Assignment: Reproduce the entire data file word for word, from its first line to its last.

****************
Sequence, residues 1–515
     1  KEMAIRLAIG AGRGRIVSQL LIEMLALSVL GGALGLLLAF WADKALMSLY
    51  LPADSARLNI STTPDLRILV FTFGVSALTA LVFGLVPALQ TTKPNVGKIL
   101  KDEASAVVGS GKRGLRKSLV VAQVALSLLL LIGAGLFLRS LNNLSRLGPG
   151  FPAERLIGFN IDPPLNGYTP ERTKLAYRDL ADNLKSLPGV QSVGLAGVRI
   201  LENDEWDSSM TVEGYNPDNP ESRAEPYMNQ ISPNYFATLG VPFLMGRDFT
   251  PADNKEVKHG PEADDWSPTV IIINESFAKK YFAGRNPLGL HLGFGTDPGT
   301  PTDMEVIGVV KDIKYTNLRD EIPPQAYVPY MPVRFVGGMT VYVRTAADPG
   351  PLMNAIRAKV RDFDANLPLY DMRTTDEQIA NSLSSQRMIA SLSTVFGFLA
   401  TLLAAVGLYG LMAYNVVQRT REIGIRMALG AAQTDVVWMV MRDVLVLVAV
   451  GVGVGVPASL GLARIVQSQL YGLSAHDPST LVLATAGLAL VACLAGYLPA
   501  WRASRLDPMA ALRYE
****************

Sequence, residues 1–515
     1  KEMAIRLAIG AGRGRIVSQL LIEMLALSVL GGALGLLLAF WADKALMSLY
    51  LPADSARLNI STTPDLRILV FTFGVSALTA LVFGLVPALQ TTKPNVGKIL
   101  KDEASAVVGS GKRGLRKSLV VAQVALSLLL LIGAGLFLRS LNNLSRLGPG
   151  FPAERLIGFN IDPPLNGYTP ERTKLAYRDL ADNLKSLPGV QSVGLAGVRI
   201  LENDEWDSSM TVEGYNPDNP ESRAEPYMNQ ISPNYFATLG VPFLMGRDFT
   251  PADNKEVKHG PEADDWSPTV IIINESFAKK YFAGRNPLGL HLGFGTDPGT
   301  PTDMEVIGVV KDIKYTNLRD EIPPQAYVPY MPVRFVGGMT VYVRTAADPG
   351  PLMNAIRAKV RDFDANLPLY DMRTTDEQIA NSLSSQRMIA SLSTVFGFLA
   401  TLLAAVGLYG LMAYNVVQRT REIGIRMALG AAQTDVVWMV MRDVLVLVAV
   451  GVGVGVPASL GLARIVQSQL YGLSAHDPST LVLATAGLAL VACLAGYLPA
   501  WRASRLDPMA ALRYE